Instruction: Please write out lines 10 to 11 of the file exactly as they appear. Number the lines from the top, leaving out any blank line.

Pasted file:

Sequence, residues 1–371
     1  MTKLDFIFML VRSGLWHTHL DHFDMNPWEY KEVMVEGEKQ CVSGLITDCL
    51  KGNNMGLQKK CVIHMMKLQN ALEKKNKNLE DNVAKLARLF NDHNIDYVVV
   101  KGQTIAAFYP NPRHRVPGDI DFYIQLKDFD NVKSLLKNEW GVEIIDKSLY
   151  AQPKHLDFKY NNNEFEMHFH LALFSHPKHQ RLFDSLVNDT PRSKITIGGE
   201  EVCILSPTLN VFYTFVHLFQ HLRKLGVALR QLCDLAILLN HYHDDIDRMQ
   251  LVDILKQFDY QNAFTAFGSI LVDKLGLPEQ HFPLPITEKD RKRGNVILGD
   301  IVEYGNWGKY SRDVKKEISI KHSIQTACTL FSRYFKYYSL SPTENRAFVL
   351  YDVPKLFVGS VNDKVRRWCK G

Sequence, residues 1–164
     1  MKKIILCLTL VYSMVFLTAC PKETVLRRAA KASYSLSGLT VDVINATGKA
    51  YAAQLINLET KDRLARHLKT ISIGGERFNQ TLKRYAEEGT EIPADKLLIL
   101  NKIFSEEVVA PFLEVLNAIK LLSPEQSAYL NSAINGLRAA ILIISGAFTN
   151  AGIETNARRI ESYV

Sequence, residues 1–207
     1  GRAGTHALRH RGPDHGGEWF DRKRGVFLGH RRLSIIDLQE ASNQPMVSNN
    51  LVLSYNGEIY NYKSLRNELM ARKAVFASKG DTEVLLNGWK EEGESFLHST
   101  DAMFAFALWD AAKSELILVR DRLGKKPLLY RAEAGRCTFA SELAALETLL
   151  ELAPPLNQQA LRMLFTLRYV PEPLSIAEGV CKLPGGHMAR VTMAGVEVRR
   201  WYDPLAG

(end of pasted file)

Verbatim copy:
Sequence, residues 1–164
     1  MKKIILCLTL VYSMVFLTAC PKETVLRRAA KASYSLSGLT VDVINATGKA